Why would a random, evil blue dragon be “enthusiastically friendly” with a group of tomb robbing adventurers that she could easily destroy and devour? 

Notice the chain here, random roll for encounters produces the blue dragon, something “above their pay grade”, random roll determines surprise for the party so they have the choice of how to start the encounter. Random roll determines that the dragon reacts well to the party.

Now I have to make it all make sense. Fortunately for me I’m decent at improvisation, so I decided that the dragon had wanted to enter the deserted tomb, but was concerned that a preponderance of undead would be too much of a risk. This party of adventurers thus presented her with the perfect opportunity.

There was some excellent RP for the next while, the dragon made it clear she could kill any member of the party pretty much instantly, but that it was interested in an alliance with the party as it “couldn’t fit” in the temple, it could get them in though. 

So it proposed a bargain, enter the temple, keep all the magic items, but give the dragon all the gold. The party decided to go along with it, rather than risking a direct fight, and hoped they could find something in the temple to give them an advantage against the dragon.

The campaign journal for this encounter is here if you want to see how this spun out:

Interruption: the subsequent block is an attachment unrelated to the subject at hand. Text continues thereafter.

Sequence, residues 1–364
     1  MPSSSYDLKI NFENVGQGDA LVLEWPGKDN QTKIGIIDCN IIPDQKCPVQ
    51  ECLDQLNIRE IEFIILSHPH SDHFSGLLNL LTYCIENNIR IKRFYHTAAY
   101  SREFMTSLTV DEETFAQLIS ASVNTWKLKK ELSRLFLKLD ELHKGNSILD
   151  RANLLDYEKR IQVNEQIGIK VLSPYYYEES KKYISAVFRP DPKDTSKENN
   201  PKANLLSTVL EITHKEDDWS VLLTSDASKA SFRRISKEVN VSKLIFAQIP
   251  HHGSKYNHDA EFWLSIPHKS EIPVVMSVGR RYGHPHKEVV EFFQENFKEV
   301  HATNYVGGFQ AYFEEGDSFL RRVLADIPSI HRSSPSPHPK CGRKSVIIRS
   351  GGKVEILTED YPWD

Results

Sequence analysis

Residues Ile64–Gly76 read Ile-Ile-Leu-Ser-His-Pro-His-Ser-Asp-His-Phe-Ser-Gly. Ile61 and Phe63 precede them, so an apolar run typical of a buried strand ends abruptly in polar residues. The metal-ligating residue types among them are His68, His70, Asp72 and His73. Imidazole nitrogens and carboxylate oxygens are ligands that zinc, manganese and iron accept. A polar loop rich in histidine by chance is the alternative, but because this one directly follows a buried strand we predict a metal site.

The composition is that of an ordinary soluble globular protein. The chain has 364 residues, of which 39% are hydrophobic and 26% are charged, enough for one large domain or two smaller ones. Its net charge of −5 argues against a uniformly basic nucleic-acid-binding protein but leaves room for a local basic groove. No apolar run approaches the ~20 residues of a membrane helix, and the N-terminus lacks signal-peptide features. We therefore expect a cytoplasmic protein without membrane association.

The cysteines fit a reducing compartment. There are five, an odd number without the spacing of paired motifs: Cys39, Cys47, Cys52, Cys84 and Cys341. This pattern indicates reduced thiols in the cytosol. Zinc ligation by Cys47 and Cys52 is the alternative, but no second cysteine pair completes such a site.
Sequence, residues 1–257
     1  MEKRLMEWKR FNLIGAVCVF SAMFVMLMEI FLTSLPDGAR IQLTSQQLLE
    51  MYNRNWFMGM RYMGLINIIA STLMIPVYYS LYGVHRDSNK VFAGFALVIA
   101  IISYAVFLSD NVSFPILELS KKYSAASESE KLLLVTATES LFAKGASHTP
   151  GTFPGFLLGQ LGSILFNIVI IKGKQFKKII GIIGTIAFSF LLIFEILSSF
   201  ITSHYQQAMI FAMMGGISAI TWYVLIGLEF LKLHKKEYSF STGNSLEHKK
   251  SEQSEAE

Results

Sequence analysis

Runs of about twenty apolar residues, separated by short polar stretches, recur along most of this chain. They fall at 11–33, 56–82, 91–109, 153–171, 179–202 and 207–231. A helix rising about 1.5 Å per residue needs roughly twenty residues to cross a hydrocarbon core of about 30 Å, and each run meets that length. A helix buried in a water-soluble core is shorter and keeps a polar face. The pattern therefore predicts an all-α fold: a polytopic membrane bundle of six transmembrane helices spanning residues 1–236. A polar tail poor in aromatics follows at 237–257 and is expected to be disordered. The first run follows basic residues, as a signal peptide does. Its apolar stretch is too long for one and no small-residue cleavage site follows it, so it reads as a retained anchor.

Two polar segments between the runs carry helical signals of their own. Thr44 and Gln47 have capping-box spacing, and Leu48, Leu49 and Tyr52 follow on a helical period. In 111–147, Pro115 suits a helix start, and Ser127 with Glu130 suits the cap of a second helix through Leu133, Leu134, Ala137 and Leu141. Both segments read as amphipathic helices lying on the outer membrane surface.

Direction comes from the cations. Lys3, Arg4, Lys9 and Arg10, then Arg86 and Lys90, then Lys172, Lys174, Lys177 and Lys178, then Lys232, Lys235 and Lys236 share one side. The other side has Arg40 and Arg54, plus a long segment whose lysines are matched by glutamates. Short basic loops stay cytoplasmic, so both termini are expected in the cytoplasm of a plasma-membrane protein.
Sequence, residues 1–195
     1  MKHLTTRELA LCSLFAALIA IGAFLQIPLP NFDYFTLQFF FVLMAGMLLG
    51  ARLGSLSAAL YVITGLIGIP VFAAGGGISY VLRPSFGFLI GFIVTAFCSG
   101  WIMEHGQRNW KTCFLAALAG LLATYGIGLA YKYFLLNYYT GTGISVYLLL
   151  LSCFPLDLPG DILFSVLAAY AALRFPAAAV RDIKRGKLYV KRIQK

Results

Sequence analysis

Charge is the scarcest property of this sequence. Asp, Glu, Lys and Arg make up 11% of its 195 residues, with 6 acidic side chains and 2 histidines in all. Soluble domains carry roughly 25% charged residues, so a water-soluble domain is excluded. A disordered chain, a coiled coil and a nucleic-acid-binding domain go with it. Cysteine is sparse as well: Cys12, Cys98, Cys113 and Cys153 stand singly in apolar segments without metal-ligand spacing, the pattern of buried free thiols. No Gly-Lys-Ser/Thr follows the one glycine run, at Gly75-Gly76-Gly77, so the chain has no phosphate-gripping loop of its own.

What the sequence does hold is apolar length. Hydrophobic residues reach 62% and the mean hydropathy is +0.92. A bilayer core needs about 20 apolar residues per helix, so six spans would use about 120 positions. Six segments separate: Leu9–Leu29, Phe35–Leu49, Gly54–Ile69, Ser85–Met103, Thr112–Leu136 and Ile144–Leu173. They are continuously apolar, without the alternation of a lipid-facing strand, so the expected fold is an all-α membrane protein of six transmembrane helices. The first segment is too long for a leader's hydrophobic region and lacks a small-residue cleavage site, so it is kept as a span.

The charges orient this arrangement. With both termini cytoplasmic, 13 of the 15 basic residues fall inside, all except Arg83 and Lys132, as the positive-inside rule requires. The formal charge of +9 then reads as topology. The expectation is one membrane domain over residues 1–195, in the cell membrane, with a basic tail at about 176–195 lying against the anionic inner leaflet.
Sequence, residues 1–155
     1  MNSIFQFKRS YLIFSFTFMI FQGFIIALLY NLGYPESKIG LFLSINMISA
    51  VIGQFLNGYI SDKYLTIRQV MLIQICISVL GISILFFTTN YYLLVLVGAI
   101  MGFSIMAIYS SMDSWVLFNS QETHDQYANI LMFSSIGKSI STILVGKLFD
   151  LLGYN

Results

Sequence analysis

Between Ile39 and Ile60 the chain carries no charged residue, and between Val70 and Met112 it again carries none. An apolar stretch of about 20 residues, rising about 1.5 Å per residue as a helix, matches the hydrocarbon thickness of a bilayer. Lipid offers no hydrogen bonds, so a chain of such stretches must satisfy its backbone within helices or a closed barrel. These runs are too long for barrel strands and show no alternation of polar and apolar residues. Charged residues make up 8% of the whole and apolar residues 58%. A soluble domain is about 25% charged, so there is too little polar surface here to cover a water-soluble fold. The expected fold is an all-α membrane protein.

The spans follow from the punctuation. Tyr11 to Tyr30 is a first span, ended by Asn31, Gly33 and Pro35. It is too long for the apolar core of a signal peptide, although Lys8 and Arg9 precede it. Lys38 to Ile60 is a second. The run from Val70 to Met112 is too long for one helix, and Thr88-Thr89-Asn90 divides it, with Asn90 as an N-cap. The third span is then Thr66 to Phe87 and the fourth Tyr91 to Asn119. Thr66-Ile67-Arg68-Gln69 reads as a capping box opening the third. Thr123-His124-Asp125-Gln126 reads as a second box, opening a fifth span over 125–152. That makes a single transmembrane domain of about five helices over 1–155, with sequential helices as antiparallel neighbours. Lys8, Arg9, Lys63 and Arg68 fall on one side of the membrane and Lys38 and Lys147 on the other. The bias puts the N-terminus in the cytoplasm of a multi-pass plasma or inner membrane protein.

The dragon used its breath weapon to blast open the doors to the temple and the party went in, things got crazy from there. 

Now I want to stress one thing, NONE of this would have happened without RRTEI. I have routinely hand waived random encounters before, and I didn’t always use parley and encounter reaction rules. I do now though, as they can produce this sort of thing. At the end of the adventure the dragon left the party after they honored their end of the bargain, and became a recurring character in the game, who showed up a few more times. 

I find that using randomization where it is built into 1e (random encounters, morale, encounter reactions, treasure tables, spell tables, etc.) is generative in this way, it produces results that are not always balanced or level appropriate, but interpreting these results for the game is a huge source of inspiration and exciting play. 

I think there is a place for game play driven by DM fiat or by negotiated group consensus, but similarly I would say there is a place for game play driven by bounded randomness. It challenges your expectations, gives you ideas would would not normally have, and can give the game a feeling of greater immersion as it will push you out of your comfort zone and break your patterns. Patterns of DM decision making can kill immersion, as players “see” the game they are playing rather than losing themselves in it.

I use randomization with tables for pretty much everything, magic item generation for treasure tables, randomized spell lists for NPCs and PCs, randomization of attacks for monsters against PCs and randomization of targets when firing into melee, rolled HP for monsters and NPCs, encounter reaction rolls and morale, etc, etc, etc. 

You can also mimic existing tables and create new ones of your own. Once you have a sense of how these things work you will find that adding tables to your game is fairly easy, you can even pinch them from other games. There are websites like the Dungeon Dozen that produce endless charts of d12 results for anything you can imagine. 

If you are “stuck”, if you find that you have trouble improvising, if your game is getting too “predictable”, you might want to embrace RRTEI to move things along.